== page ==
Diễn đàn Hải Dương học

Giương buồm ra biển lớn !


Tần số Nyquist và hiện tượng giả danh (Aliasing)

Share

tieuminh2510

*****
*****

Tổng số bài gửi : 350
Danh dự : 5
Join date : 15/01/2008
Age : 30

Tần số Nyquist và hiện tượng giả danh (Aliasing)

Bài gửi by tieuminh2510 on Tue Jun 24, 2008 4:54 pm

A signal or function is bandlimited if it contains no energy at frequencies higher than some bandlimit or bandwidth B.

A signal that is bandlimited is constrained in how rapidly it changes in time, and therefore how much detail it can convey in an interval of time. The sampling theorem asserts that the uniformly spaced discrete samples are a complete representation of the signal if this bandwidth is less than half the sampling rate.
To formalize these concepts, let x(t) represent a continuous-time signal and X(f) be the continuous Fourier transform of that signal (which exists if x(t) is square-integrable):


The signal x(t) is bandlimited to a one-sided baseband bandwidth B if X(f) for all | f | > B
Then the sufficient condition for exact reconstructability from samples at a uniform sampling rate fs (in samples per unit time)

or equivalently

2B is called the Nyquist rate and is a property of the bandlimited signal, while fs is called the Nyquist frequency and is a property of this sampling system.

The time interval between successive samples is referred to as the sampling interval


and the samples of x(t) are denoted by



The sampling theorem leads to a procedure for reconstructing the original x(t) from the samples x[n] and states sufficient conditions for such a reconstruction to be exact.

Aliasing


Hypothetical spectrum of a properly sampled bandlimited signal (blue) and images (green) that do not overlap. A "brick-wall" low-pass filter can remove the images and leave the original spectrum, thus recovering the original signal from the samples.

If the sampling condition is not satisfied, then frequencies will overlap; that is, frequencies above half the sampling rate will be reconstructed as, and appear as, frequencies below half the sampling rate. The resulting distortion is
called aliasing; the reconstructed signal is said to be an alias of the original signal,
in the sense that it has the same set of sample values.

Top: Hypothetical spectrum of an insufficiently sampled bandlimited signal (blue), X(f), where the images (green) overlap. These overlapping edges or "tails" of the images add creating a spectrum unlike the original.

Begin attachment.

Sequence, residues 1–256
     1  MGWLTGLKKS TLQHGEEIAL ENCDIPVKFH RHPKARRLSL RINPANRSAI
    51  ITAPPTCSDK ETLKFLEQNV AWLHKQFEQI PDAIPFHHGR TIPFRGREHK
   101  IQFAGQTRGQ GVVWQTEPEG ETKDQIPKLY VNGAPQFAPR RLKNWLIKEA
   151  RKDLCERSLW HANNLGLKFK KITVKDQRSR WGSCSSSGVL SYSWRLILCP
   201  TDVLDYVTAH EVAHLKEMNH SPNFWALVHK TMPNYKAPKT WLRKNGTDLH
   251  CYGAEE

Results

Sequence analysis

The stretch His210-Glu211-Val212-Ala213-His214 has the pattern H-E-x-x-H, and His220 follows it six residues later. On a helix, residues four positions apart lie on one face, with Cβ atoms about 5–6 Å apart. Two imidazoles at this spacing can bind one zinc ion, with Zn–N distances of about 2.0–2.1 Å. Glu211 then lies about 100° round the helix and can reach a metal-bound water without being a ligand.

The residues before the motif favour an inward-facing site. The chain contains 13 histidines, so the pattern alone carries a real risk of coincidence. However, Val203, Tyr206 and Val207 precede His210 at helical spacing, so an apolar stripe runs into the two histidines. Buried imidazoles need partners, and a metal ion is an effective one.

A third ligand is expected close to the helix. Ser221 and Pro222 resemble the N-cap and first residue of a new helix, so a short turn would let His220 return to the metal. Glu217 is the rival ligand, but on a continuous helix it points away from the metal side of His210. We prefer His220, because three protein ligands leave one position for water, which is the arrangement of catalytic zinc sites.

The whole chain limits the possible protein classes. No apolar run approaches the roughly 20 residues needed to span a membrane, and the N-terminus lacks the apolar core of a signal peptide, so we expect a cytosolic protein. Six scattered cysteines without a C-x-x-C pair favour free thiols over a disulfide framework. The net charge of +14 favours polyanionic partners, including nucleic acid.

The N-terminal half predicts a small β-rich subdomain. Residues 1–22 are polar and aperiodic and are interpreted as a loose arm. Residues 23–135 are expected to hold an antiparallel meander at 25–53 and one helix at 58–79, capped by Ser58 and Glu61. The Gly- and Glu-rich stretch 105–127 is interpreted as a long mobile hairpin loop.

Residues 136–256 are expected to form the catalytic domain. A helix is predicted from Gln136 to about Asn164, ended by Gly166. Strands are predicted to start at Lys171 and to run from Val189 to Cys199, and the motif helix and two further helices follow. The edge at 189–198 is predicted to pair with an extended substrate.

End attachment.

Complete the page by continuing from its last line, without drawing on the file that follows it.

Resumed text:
Bottom: Hypothetical spectrum of a marginally sufficiently sampled bandlimited signal (blue), XA(f), where the images (green) narrowly do not overlap. But the overall sampled spectrum of XA(f) is identical to the overall inadequately sampled spectrum of X(f) (top) because the sum of baseband and images are the same in both cases. The discrete sampled signals xA[n] and x[n] are also identical. It is not possible, just from examining the spectra (or the sampled signals), to tell the two situations apart. If this
were an audio signal, xA[n] and x[n] would sound the same and the presumed "properly" sampled xA[n] would be the alias of x[n] since the spectrum XA(f) masquarades as the spectrum X(f).

For a sinusoidal component of exactly half the sampling frequency, the component will in general alias to another sinusoid of the same frequency, but with a different phase and amplitude. To prevent or reduce aliasing, two things can be done:

  1. Increase the sampling rate, to above twice some or all of the frequencies that are aliasing.
  2. Introduce an anti-aliasing filter or make the anti-aliasing filter more stringent.
The anti-aliasing filter is to restrict the bandwidth of the signal to satisfy the condition for proper sampling. Such a restriction works in theory, but is not precisely satisfiable in reality, because realizable filters will always allow some leakage of high frequencies. However, the leakage energy can be made small enough so that the aliasing effects are negligible.The reconstruction low-pass filter transition band is between B and fs-B and
the filter response need not be precisely defined in that region (since there is no non-zero spectrum in that region). However, the worst case is when the bandwidth B is virtually as large as the Nyquist frequency fs/2 and in that worst case, the reconstruction filter H(f) must be:


where rect[u] is the rectangular function.
With H(f) so defined, it is clear that


Spectrum, Xs(f), of a properly sampled bandlimited signal (blue) and images (green) that do not overlap. A "brick-wall" low-pass filter, H(f), removes the images, leaves the original spectrum, X(f), and recovers the original signal from the samples and the spectrum of the original signal that was sampled, X(f), is recovered from the spectrum of the sampled signal, Xs(f). This means, in the time domain, that the original signal that was sampled, x(t), is recovered from the sampled signal, xs(t).

codaipm12

****-
****-

Tổng số bài gửi : 278
Danh dự : 1
Join date : 15/01/2008
Age : 30
Đến từ : 05HD

Re: Tần số Nyquist và hiện tượng giả danh (Aliasing)

Bài gửi by codaipm12 on Tue Jun 24, 2008 9:40 pm

bài này nằm trong môn KHai thác dữ liệu có nên để ở đây ko?

tieuminh2510

*****
*****

Tổng số bài gửi : 350
Danh dự : 5
Join date : 15/01/2008
Age : 30

Re: Tần số Nyquist và hiện tượng giả danh (Aliasing)

Bài gửi by tieuminh2510 on Tue Jun 24, 2008 11:18 pm

Ah mình lại nghĩ khác đó, môn Phân tích xử lý số liệu là một nhánh của Xác suất thống kê, và Xác xuất thống kê là một nhánh trong toán học.

vuieng

****-
****-

Tổng số bài gửi : 93
Danh dự : 1
Join date : 15/01/2008
Age : 29

Re: Tần số Nyquist và hiện tượng giả danh (Aliasing)

Bài gửi by vuieng on Sat Jun 28, 2008 12:00 am

xài cái này trong đề tài lun đi Minh mò


_________________
Đem yêu thương phủ lên trên cuộc đời

Sponsored content

Re: Tần số Nyquist và hiện tượng giả danh (Aliasing)

Bài gửi by Sponsored content Today at 1:08 am


    Hôm nay: Sat Dec 03, 2016 1:08 am